I'm starting to really warm to Moldova. The people, the culture, the city, even the weather. However, there is one thing that I'm not sure I will ever get used to - the public transport.
There are several ways to travel around the city. The cheapest (and my most preferred method) is by trolleybus. A single trip on the trolley costs 2 Moldovan Lei (about 10p) and in my opinion, it's the comfiest way of getting around. They're pretty shabby and can be freezing at this time of the year because it would appear that the seals on the windows and doors haven't been replaced since the fall of the USSR, but all in all they're good value for money, especially if there's a heated debate onboard. Unlike buses in the UK, you don't get on and pay the driver, rather a kind of conductor comes along and takes your 2 lei and gives you a wee ticket. However, there are still people who believe that they shouldn't have to pay and it's not uncommon to see a full-scale battle on the bus. This has happened to me only once.....
|A trolleybus on the street where our office is|
The last time I did this was a couple of weeks ago at the end of the working week. When it came around to Monday morning again, I followed my usual routine of getting on, punching my ticket and then floating off to another world of humour with the Radio 4 News Quiz on my iPod (a must for all comedy fans by the way - get the podcast weekly here). But what's this? A conductor on the number 3? Yep, they'd decided to do away with the previously life-threatening manner of distributing tickets (had Ian Marchant been in touch?) and reverted back to the normal way. I showed the conductress that I'd stamped my ticket and she nodded and was on her way. It wasn't until the next night on my way home that I had gone through the same motions and when the conductor came to collect my cash, I showed him my ticket. He said that this method had stopped the previous week and that I would have to give him another 2 lei to buy a proper ticket. Not wishing to do any such thing, I refused and explained that I had paid for these tickets previously and would he kindly be on his way. He didn't budge. Ears were pricking up and I was starting to receive interested glances (more than usual which is another thing you get used to as a foreigner in Moldova) from my fellow passengers and so I came to realise that I couldn't back down. I continued to debate with the conductor that I had paid 2 lei last week for this ticket to the same transport authority and would not be paying the fare again. This went on for a couple of minutes before he (thankfully) realised he was fighting a losing battle and could not physically remove me from the bus (he was a wee lad and even if he wanted to, he'd have to push me through a packed crowd who by this time were well and truly on my side judging by the positive nods, grunts and occasional cheers). Victory was mine and justice had been served. It was a real moment of triumph. Then, in typical Moldovan trolleybus style, the rods on top of the bus slipped from the electrical cables, leaving us in cold, dark and stillness so we had to get off the bus and wait for the next one and.....of course, pay another 2 lei to travel on it.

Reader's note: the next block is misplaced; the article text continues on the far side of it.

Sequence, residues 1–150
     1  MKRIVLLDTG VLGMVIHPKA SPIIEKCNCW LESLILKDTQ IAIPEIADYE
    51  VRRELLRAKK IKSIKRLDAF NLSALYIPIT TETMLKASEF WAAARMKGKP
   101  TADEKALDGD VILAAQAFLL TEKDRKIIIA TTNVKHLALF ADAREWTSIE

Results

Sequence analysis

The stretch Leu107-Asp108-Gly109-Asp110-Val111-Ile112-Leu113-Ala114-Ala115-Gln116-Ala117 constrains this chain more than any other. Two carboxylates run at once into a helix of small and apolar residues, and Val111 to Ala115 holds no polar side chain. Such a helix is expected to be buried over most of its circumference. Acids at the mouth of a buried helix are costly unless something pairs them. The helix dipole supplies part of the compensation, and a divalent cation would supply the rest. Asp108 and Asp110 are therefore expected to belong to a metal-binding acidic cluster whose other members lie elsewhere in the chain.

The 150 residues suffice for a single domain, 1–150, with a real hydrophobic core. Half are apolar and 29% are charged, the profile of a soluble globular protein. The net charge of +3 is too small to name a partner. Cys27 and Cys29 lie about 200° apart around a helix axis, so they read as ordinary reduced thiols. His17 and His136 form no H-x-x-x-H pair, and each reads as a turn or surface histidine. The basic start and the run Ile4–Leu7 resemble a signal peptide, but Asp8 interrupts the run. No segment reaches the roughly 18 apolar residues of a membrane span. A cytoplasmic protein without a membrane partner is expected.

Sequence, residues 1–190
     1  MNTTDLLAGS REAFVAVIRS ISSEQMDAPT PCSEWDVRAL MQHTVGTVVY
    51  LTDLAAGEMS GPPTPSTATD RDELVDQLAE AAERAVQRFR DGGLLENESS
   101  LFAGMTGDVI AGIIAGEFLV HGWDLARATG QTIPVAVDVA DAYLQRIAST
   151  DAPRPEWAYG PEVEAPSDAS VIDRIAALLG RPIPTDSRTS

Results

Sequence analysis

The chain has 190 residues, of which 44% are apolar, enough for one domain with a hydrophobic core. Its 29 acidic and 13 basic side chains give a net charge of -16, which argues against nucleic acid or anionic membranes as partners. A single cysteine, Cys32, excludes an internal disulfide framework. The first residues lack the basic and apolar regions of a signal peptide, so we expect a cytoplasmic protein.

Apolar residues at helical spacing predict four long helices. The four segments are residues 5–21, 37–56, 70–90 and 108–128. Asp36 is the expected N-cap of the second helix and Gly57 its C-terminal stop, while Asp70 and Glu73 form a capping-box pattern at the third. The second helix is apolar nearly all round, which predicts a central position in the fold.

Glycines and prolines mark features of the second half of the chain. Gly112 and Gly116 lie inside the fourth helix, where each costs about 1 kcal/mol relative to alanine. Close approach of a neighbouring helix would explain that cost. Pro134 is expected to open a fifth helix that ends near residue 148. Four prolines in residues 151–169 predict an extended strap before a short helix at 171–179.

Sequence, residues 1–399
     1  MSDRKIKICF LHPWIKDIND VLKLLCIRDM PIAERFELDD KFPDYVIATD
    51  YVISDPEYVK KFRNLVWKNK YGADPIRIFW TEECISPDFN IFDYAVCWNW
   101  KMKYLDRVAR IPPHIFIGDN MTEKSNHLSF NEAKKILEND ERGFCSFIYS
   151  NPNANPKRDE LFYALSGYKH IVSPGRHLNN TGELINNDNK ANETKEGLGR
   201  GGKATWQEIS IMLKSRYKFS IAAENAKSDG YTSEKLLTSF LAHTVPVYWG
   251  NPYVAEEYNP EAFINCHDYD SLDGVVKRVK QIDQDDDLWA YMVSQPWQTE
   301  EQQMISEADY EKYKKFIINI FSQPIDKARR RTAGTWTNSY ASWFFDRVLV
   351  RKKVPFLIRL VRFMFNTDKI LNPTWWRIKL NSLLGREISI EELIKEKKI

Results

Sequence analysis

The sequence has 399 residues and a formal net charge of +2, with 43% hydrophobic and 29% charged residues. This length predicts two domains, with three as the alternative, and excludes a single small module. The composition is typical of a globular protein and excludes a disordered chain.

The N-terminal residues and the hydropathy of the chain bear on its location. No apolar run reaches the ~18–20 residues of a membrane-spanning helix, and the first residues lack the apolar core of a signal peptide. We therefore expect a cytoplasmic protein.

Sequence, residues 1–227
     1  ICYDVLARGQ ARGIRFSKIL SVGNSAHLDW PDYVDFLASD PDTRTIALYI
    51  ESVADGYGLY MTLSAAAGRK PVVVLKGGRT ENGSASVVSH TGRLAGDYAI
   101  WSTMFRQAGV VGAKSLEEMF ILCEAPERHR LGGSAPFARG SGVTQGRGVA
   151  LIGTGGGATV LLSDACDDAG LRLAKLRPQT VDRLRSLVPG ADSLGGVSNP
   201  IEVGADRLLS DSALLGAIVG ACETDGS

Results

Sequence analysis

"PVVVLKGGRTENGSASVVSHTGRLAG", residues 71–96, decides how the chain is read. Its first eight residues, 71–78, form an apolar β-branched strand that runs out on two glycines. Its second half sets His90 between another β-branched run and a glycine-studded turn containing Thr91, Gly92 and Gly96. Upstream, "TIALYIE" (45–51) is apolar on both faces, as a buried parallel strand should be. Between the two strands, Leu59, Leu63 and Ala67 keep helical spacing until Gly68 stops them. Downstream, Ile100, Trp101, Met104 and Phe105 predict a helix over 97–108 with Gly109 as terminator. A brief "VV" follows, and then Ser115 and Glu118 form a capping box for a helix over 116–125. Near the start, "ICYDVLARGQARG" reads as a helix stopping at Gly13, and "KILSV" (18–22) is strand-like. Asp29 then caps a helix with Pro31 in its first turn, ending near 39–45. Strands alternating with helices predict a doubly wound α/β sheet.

|On a chilly and busy Chisinau trolley bus|
If you've read Tony Hawk's book Playing The Moldovans At Tennis, you might remember him talking about his first experience on a marshrutka. He talks about getting on, handing over his fare to the driver as he takes off at breakneck speed (see the aforementioned number 3 trolleybus driver) and then slowly getting pushed to the back of the vehicle. On stagecoach buses in the UK, drivers (usually) strictly adhere to the guidelines of sitting and standing passengers. The marshrutka buses are all privately owned and as a result, there are no such guidelines. In fact, they will cram as many people as possible onto these buses. I have seen marshrutkas whizzing by with arms out of windows, faces pushed up to the glass and even a line of backsides lined up along the front windscreen. People push, shove, grumble, groan, grope, grab, complain, lean, need help with hygiene and personal boundary issues and generally are miserable on marshrutkas.
|A line of marshrutkas in Chisinau|
So hopefully this gives you an idea of how best to get around in Chisinau. Trams are a thing of the past (hear that, Edinburgh City Council??) and gondola cable cars have been banished with the Soviet era (although the stations and cable towers can still be seen rotting in the city parks) so we're stuck with the above-mentioned methods, and I for one am happy with them. Well, the trolleybus anyway.